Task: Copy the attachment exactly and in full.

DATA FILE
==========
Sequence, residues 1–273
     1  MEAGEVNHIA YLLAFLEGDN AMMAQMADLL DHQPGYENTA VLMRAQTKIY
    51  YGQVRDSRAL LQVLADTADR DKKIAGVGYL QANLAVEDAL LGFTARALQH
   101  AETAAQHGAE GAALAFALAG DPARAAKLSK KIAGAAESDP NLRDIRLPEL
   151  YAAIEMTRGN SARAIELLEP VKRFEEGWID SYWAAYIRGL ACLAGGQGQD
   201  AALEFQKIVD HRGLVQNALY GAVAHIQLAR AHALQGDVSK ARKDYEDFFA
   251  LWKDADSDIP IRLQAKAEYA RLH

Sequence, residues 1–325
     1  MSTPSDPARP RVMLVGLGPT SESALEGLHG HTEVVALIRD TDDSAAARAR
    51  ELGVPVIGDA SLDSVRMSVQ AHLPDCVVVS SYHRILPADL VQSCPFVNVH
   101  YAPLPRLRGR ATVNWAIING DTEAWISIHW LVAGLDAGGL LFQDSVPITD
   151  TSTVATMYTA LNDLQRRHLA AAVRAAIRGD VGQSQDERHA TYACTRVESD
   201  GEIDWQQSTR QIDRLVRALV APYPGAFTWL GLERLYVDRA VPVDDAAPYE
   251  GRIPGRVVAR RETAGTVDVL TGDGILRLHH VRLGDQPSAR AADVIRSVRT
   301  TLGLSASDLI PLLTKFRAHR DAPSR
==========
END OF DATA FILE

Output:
Sequence, residues 1–273
     1  MEAGEVNHIA YLLAFLEGDN AMMAQMADLL DHQPGYENTA VLMRAQTKIY
    51  YGQVRDSRAL LQVLADTADR DKKIAGVGYL QANLAVEDAL LGFTARALQH
   101  AETAAQHGAE GAALAFALAG DPARAAKLSK KIAGAAESDP NLRDIRLPEL
   151  YAAIEMTRGN SARAIELLEP VKRFEEGWID SYWAAYIRGL ACLAGGQGQD
   201  AALEFQKIVD HRGLVQNALY GAVAHIQLAR AHALQGDVSK ARKDYEDFFA
   251  LWKDADSDIP IRLQAKAEYA RLH

Sequence, residues 1–325
     1  MSTPSDPARP RVMLVGLGPT SESALEGLHG HTEVVALIRD TDDSAAARAR
    51  ELGVPVIGDA SLDSVRMSVQ AHLPDCVVVS SYHRILPADL VQSCPFVNVH
   101  YAPLPRLRGR ATVNWAIING DTEAWISIHW LVAGLDAGGL LFQDSVPITD
   151  TSTVATMYTA LNDLQRRHLA AAVRAAIRGD VGQSQDERHA TYACTRVESD
   201  GEIDWQQSTR QIDRLVRALV APYPGAFTWL GLERLYVDRA VPVDDAAPYE
   251  GRIPGRVVAR RETAGTVDVL TGDGILRLHH VRLGDQPSAR AADVIRSVRT
   301  TLGLSASDLI PLLTKFRAHR DAPSR